Supreme Court Recognizes that Patents are Property

By Adam Mossoff In an important decision handed down today, the Supreme Court explicitly recognized that patents are property secured by the Fifth Amendment Takings Clause. In Horne v. Department of Agriculture, the Court held that the Takings Clause imposes a “categorical duty” on the government to pay just compensation whether it takes personal or … Continue reading “Supreme Court Recognizes that Patents are Property”

Alice Gets the Most Important Question Right

By far the most important takeaway from today’s Supreme Court decision in Alice Corp. v. CLS Bank  is the Court’s acknowledgment that “many computer-implemented claims are formally addressed to patent-eligible subject matter.”  Despite failing to alleviate the profound confusion caused by its recent §101 analysis in cases like Bilski, Myriad, Mayo, and plenty of earlier … Continue reading “Alice Gets the Most Important Question Right”

Supreme Court Revises Fee-Shifting Rules in Patent Cases: Weeding out Bad Actors in a Level Playing Field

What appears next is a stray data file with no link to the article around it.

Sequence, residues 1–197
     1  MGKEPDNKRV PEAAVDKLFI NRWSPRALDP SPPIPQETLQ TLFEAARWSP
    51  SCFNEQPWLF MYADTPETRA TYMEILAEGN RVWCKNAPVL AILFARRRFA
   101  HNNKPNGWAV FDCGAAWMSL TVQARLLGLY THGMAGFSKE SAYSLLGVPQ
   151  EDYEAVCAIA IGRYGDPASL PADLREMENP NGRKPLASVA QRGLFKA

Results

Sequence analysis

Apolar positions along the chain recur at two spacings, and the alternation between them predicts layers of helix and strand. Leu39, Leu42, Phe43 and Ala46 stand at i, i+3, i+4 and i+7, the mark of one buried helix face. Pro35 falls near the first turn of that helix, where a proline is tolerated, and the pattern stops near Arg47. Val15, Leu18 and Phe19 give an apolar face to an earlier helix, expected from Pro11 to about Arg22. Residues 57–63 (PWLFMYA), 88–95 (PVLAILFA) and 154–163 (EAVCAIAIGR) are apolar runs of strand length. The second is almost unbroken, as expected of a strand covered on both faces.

By Adam Mossoff* and Brian O’Shaughnessy† Originally published in LES (USA & Canada)’s weekly e-newsletter, Insights. On April 29, 2014, the Supreme Court handed down two unanimous decisions in Octane Fitness v. ICON Health & Fitness and Highmark v. Allcare Health Management System, which radically overhaul the rules governing court-awarded attorneys’ fees in patent cases. In brief, the … Continue reading “Supreme Court Revises Fee-Shifting Rules in Patent Cases: Weeding out Bad Actors in a Level Playing Field”

Summary of Kirtsaeng v. John Wiley & Sons by Professor Chris Newman

Kirtsaeng v. John Wiley & Sons, U.S. Supreme Court, decided March 19, 2013 Chris Newman Assistant Professor of Law George Mason University School of Law This is best described as a decision in which the Court felt compelled to choose between two readings of the Copyright Act, either of which led to unpalatable results.   One reading … Continue reading “Summary of Kirtsaeng v. John Wiley & Sons by Professor Chris Newman”